The Chicagoist will be launching later but in the meantime please enjoy our archives.

Big Ten Tournament Preview

By Benjy Lipsman in News on Mar 8, 2012 3:30PM

2012_03_08_BigTen_Tournament.jpg With the Big Dance just around the corner, college basketball's conference tourneys are in full swing. The Big Ten tournament tips off this morning in Indianapolis, with a slate of four opening round games. The champion will be crowned on Sunday, just about the time that the NCAA Tournament brackets are unveiled.

With the Big Ten's top four teams—Michigan St., Michigan, Ohio St. and Wisconsin—receiving byes in the first round, the fifth through 12th seeds face off in today's action to see who gets to face off against the league's powerhouses. Action begins with 9th seed Iowa playing 8th seed Illinois, followed by 5th seed Indiana against 12th seed Penn St. The evening session includes 7th seed Northwestern and 10th seed Minnesota, as well as 6th seed Purdue against conference newbie Nebraska, who is the 11th seed.

The top four seeds don't take the court until tomorrow's action, where they'll face the winners of today's games. Michigan St., Michigan and Ohio St tied for the regular season title, so the top seeds are as closely matched as ever. All will make the Big Dance no matter the outcome of this weekend's tournament, but seeding and bragging rights are at stake for the big dogs.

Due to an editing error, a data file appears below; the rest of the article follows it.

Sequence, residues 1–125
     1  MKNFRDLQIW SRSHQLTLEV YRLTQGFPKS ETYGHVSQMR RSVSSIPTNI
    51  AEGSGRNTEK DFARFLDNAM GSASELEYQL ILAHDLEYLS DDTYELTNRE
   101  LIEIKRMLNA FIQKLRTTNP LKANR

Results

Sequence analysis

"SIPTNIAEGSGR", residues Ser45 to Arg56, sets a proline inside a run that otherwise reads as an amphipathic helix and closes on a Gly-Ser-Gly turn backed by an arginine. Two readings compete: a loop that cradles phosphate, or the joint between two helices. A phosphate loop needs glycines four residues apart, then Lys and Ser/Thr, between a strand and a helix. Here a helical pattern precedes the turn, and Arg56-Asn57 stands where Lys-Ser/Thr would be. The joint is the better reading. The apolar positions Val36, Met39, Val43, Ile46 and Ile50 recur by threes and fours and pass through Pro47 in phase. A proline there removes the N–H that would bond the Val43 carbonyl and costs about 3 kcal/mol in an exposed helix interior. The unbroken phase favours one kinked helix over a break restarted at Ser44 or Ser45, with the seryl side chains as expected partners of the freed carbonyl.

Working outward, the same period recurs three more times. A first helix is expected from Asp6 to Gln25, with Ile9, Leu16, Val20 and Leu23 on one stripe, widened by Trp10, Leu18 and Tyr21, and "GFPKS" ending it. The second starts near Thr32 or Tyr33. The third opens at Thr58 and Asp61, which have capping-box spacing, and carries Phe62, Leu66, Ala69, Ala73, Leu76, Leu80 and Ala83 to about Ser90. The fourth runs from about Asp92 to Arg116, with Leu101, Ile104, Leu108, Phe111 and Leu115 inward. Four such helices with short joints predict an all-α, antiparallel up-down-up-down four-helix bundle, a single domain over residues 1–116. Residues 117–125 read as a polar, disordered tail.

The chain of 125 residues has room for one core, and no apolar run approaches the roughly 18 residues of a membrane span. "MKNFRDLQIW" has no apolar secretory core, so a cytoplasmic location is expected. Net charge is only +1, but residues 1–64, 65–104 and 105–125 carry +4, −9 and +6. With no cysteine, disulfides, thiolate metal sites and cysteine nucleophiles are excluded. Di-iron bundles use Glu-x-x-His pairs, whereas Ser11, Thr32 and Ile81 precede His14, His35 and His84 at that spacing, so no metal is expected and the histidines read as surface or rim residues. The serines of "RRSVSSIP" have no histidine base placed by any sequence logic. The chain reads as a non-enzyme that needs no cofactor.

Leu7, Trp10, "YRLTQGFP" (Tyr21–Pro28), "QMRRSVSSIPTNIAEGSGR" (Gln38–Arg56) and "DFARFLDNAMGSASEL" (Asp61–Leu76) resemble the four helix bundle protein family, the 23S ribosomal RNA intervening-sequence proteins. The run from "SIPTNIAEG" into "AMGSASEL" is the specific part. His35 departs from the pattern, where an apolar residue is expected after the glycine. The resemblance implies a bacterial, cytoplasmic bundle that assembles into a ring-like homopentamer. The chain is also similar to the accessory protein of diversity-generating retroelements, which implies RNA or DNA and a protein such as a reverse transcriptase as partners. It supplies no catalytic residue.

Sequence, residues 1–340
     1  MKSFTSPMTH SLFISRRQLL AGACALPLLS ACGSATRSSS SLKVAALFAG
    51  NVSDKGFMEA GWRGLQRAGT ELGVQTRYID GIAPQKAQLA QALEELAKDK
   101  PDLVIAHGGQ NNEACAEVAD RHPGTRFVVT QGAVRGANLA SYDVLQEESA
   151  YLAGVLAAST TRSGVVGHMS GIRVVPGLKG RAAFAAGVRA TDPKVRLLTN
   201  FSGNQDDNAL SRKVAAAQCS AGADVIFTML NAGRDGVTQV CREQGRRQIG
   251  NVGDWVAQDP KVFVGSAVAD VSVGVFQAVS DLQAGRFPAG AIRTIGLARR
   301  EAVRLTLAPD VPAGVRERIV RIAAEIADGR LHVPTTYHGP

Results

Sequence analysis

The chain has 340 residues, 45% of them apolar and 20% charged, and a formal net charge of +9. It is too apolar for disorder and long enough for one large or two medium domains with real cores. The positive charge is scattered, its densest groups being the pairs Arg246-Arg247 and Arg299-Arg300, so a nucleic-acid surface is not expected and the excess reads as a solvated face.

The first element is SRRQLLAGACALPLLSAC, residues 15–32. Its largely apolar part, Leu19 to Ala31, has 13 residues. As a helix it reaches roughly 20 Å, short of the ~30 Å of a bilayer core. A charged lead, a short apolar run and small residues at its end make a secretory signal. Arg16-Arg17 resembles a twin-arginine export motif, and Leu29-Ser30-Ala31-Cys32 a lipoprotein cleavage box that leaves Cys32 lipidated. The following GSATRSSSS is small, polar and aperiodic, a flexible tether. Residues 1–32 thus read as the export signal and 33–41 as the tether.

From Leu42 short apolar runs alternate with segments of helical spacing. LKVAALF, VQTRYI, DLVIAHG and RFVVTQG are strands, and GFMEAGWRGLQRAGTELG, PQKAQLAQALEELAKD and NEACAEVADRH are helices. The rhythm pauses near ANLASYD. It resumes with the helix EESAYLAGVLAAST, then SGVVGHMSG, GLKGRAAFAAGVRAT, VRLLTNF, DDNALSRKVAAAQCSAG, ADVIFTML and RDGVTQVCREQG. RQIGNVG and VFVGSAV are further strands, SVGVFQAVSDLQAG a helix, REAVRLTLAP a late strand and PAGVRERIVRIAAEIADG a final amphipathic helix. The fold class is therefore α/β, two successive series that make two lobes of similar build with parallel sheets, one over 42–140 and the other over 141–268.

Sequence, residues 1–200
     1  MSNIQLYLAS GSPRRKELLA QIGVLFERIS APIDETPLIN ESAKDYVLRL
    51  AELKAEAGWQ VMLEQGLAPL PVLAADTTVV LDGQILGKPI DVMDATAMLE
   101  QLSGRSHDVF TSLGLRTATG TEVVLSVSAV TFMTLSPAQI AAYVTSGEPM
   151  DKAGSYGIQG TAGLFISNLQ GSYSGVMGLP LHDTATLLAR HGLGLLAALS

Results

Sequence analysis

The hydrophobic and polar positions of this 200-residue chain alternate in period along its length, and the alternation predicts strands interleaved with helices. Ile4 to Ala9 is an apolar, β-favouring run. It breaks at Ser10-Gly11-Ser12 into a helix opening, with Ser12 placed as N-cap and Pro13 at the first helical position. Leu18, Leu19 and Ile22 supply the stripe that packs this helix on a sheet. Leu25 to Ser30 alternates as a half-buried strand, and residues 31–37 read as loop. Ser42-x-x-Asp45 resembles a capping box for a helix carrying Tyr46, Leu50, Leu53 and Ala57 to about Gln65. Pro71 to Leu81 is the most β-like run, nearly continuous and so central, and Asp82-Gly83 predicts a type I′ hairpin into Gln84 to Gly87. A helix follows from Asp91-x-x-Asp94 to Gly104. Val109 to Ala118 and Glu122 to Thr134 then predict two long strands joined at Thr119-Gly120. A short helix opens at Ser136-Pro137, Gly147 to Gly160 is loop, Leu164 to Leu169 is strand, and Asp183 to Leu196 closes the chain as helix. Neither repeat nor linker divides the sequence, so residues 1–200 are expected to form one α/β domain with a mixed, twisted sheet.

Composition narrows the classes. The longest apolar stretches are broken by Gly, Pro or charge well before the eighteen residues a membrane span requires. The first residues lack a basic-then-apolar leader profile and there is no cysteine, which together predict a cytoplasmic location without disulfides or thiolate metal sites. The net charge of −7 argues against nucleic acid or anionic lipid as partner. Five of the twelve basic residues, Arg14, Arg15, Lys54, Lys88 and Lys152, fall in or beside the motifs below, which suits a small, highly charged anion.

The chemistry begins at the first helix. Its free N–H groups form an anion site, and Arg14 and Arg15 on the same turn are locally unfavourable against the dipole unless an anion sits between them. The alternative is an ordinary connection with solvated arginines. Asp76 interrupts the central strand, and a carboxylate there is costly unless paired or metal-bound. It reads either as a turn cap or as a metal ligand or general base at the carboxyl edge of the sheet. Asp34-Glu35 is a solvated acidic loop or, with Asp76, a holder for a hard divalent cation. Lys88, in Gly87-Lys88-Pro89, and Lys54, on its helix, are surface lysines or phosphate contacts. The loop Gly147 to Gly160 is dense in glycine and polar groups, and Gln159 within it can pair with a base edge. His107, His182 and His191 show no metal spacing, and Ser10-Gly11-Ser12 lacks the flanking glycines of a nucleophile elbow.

For the lower seeds, teams are hoping to play their way into the NCAA tournament. Some teams will need to upset their higher ranked peers and steal the title in order to earn a invite, while some teams can play their way in with a strong showing. Northwestern, which has never appeared in the NCAA Tournament, is one of those bubble teams who might be able to earn an at-large bid based on their showing in Indy. Eighth seeded Illinois could be playing for Bruce Weber's job. With a poor 6-12 showing in Big Ten play and a couple of disappointing seasons after so much early success in Champaign, an early exit from the Big Ten field may end Weber's days coaching the Illini. A couple wins and perhaps an at-large invite could save his job.